New answers tagged

0

We have: $$ \frac{dv}{dt}=-kv \quad \rightarrow \quad v(t)=v_0e^{-kt} $$ and, from the initial condition $v_0=1000$ $$ v(t)= 1000e^{-kt} $$ also we have: $$ \frac{dv}{dr}=\frac{dv}{dt}\frac{dt}{dr}=-kv\frac{1}{v}=-k \quad \rightarrow \quad v(r)=-kr+v_0=1000-kr $$ so: $$ v(1200)=900=1000-k1200 \quad \rightarrow \quad k=\frac{1}{12} $$ and, from $v(t)$: $$ ...


1

The equation you want to solve is $$\ddot{x}(t) = -k\dot{x}(t),$$ or $$\dot{v}(t) = -kv(t)$$ a damping force proportional to the velocity. With the anzatz $v(t) = Ae^{at}$ we get that $a = -k$. Then at $t=0$, $v=1000$ so $A = 1000$, or $$v(t) = 1000e^{-kt}.$$ Integrating we get $$x(t_1) - x(t_0) = -\frac{1000}{k}\left(e^{-kt_1} - e^{-kt_0}\right).$$ ...


1

The solution is easier if you start at the right endpoint with $$y=C_1\cos k(1-x)+C_2\sin k(1-x)$$ From this form of the solution we have right away $$y(1)=C_1=0$$ So all we need do is search for solutions of the form $y=\sin k(1-x)$. Applying the boundary condition at the left endpoint $$y(0)+y^{\prime}(0)=\sin k-k\cos k=0$$ Since $\cos k=0$ does not lead ...


0

To solve $0 = x(a - bx - cy)$ and $0 = y(-d + ex - fy)$ for the non-zero solutions $x \ne 0, y \ne 0$ you have to solve $(a - bx - cy) = 0$ and $(-d + ex - fy)$. This is two equations in two unknowns so you can solve for $x, y$ (in fact they are the equations of two lines and you are looking for their intersection). But yes, you have to go through all the ...


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Compute (using the product derivation rule) $$ \dot x(t)=\frac{d}{dt}\left(\gamma^{t}\cdot\int\limits_{0}^t \gamma^{-s} u(s)ds\right)=\log(\gamma)\, \gamma^t\cdot \int\limits_{0}^t \gamma^{-s} u(s) ds+\gamma^t\cdot\left(\gamma^{-t}u(t)\right)=\log(\gamma)\cdot x(t)+u(t). $$


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The problem is that, also for a polynomial, in two unknowns, we have general methods that gives a formal solution only if the unknow that we want to find has degree $n\le 4$ ( and the cases $n>2$ are not so simple), but if the unknown has degree $n>4$ it is very difficult to find a formal solution. As an example, also a ''simple'' equation as $$ ...


1

The answer is no in general. a good specific example is the busy beaver function which is unsolvable in general for large enough x. This question seems to have a lot to do with undecidability where things can get complicated. another example is the length of the collatz function for natural number x. there are no proven answers to this, if there were it ...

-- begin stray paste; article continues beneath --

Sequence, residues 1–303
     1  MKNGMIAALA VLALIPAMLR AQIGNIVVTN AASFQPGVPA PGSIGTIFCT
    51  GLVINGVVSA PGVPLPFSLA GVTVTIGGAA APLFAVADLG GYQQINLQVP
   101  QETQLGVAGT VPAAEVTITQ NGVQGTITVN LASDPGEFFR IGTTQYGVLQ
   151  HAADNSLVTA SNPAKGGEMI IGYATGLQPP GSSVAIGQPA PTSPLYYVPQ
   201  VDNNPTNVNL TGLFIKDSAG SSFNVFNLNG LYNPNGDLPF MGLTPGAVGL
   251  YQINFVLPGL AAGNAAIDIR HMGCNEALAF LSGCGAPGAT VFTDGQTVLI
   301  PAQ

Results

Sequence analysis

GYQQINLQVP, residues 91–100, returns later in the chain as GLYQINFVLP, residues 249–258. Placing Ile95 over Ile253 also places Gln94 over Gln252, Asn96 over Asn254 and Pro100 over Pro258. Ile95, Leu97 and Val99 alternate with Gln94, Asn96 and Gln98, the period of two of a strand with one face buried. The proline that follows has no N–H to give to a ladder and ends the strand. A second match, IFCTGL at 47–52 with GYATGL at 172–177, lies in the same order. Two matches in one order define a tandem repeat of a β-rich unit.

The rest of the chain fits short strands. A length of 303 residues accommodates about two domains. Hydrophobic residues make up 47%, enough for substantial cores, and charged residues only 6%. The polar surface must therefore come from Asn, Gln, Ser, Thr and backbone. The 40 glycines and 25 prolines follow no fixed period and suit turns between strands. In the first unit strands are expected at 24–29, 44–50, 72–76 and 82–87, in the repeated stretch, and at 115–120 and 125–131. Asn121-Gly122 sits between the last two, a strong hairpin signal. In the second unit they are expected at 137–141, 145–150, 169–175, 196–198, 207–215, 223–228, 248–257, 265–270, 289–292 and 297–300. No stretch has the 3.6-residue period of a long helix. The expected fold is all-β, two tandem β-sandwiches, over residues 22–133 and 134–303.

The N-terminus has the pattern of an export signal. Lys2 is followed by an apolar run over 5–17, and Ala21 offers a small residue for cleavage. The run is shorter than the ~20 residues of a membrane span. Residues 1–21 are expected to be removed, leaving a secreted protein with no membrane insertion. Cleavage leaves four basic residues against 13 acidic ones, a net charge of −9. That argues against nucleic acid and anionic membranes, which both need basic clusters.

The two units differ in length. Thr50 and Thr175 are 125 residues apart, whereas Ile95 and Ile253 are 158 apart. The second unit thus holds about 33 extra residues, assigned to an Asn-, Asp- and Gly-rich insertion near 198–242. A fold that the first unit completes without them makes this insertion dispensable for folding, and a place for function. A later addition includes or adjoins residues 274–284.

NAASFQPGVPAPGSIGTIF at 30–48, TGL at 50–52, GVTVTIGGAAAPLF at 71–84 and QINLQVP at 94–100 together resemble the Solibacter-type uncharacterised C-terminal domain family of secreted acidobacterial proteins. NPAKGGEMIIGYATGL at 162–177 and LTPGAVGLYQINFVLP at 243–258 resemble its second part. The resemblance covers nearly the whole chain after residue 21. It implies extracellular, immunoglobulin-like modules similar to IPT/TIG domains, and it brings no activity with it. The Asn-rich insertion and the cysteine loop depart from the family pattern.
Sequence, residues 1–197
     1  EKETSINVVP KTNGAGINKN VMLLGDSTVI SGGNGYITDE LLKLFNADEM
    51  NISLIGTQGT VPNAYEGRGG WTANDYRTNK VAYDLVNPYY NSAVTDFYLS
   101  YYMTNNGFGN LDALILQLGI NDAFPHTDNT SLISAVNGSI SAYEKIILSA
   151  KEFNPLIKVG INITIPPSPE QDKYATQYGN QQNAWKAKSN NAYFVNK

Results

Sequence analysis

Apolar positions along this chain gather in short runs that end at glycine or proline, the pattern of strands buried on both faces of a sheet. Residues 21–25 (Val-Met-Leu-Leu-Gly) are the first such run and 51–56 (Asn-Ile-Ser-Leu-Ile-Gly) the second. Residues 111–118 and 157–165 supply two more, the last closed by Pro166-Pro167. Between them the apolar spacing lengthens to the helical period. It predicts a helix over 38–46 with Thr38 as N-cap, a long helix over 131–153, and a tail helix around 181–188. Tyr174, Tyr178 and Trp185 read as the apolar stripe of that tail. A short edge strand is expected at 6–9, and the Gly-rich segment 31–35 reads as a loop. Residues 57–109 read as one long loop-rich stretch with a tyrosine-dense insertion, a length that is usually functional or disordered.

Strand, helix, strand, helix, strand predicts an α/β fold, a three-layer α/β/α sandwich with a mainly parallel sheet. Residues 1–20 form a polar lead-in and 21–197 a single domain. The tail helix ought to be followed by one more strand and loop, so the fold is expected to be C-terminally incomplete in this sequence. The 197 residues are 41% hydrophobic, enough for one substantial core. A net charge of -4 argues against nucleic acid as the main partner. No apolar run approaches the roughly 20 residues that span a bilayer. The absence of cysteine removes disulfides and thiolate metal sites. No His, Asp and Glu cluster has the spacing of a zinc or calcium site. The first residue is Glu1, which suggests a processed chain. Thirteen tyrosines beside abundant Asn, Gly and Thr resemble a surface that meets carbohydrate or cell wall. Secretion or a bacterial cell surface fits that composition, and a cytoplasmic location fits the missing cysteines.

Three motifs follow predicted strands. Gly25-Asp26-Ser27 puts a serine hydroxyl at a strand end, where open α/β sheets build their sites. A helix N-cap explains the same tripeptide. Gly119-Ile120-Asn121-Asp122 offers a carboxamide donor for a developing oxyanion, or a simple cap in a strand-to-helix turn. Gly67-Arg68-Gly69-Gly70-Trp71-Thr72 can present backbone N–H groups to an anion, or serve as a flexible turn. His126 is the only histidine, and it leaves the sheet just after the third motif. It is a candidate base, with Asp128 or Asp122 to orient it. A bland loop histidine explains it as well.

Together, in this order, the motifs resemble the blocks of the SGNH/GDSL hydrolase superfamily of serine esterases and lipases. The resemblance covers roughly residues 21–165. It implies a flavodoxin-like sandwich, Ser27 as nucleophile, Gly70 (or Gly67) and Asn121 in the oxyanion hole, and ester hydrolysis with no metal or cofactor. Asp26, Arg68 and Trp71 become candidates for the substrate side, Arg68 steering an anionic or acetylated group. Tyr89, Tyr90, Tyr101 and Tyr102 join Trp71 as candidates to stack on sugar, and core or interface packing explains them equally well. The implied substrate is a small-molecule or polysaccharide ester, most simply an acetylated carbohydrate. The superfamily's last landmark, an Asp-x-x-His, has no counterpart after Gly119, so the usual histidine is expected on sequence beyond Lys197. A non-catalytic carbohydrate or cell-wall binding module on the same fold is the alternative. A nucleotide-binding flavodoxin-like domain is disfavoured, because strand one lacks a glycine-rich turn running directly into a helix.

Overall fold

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You want all the series to be written with the "same power" $x^m$. Then $$ y'=\sum_{m=0}^\infty m\,a_m\,x^{m-1}=\sum_{m=0}^\infty (m+1)\,a_{m+1}\,x^{m}, $$ $$ x\,y'=\sum_{m=0}^\infty m\,a_m\,x^{m}. $$ Putting it all together you get $$ =\sum_{m=0}^\infty\bigl(7\,(m+1)\,a_{m+1}+m\,a_m-a_m\bigr)x^m=0. $$


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I take it that you have the difference equation $$\frac{U_{i+1}-2U_i+U_{i-1}}{(\Delta x)^2}=-\lambda_nU_i$$ The Neumann boundary condition is the same as having the mirror image of the solution on the other side of $x=0$. Thus one could assume $U_{-1}=U_1$ and the left boundary difference equation reads $$\frac{2U_1-2U_0}{(\Delta x)^2}=-\lambda_nU_0$$ EDIT: ...


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We have a linear system $$\dot y = A y + u$$ with initial condition $y (0) = y_0$. What you call the complementary solution is what is usually known as the homogeneous solution, or, natural response. We now assume zero initial conditions and look for the forced response. Laplace-transforming both sides, we get $$s Y(s) = A Y (s) + U (s)$$ Hence, $$Y ...


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Ok, let us start with the second order homogeneous differential equation: $$y''-2y'+2y=0$$ I will derive a solution, but not in the traditional way. I am going to arrive at the differential equation solution in another way, and it involves substitution and solving a couple of 1st order ODEs. It kind of gives some insight as to why the traditional way works. ...


1

The matrix $A=0$ makes every initial condition to be stationary. The solution of the start edo is $y(t)=e^{At}y_0$, then for every point be stationary we need that $e^{At}=I$, this means that $At=0$, for every $t$, then the matrix $A=0$.


2

Look for solutions of the form $\mathrm{e}^{s t}$. The ODE then becomes $$(s^{100} + 100) \, \mathrm{e}^{s t} = 0$$ Hence, $s^{100} + 100 = 0$, or, $$s^{100} = 100 \, \mathrm{e}^{i (2k+1) \pi}$$ where $k \in \mathbb Z$. Taking the 100th root, we obtain $100$ solutions $$\{ \sqrt[100]{100} \, \mathrm{e}^{i (2k+1) \frac{\pi}{100}} \mid k \in ...


1

You equation is: $$8y''-6y'+y=6e^x+3x-16$$ The corresponding homogeneous linear differential equation: $$8y''-6y'+y=0$$ Its solution (do you know how to solve this equation?): $$y^*=C_1e^{\frac{1}{2}x}+C_2e^{\frac{1}{4}x}$$ Now we seek a special solution of the following inhomogeneous equation $$8y''-6y'+y=6e^x$$ The form of this special solution is ...


0

Your statement is false in general, unless $\Omega$ is simply connected. On the other hand, although you can give a more or less straightforward proof in this situation, it is a very particular case of the fact that the de Rham cohomology (which is a homotopy invariant) vanishes for contractible spaces together with Stokes' theorem.